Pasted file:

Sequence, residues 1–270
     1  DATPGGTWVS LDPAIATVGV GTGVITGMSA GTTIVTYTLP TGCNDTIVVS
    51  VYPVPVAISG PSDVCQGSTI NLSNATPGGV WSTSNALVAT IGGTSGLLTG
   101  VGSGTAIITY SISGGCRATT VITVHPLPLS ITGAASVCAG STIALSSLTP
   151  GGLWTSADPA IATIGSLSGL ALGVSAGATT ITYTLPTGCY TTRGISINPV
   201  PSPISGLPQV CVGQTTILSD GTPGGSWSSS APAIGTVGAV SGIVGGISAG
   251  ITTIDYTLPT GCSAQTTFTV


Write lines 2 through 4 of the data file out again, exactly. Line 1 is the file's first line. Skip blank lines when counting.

     1  DATPGGTWVS LDPAIATVGV GTGVITGMSA GTTIVTYTLP TGCNDTIVVS
    51  VYPVPVAISG PSDVCQGSTI NLSNATPGGV WSTSNALVAT IGGTSGLLTG
   101  VGSGTAIITY SISGGCRATT VITVHPLPLS ITGAASVCAG STIALSSLTP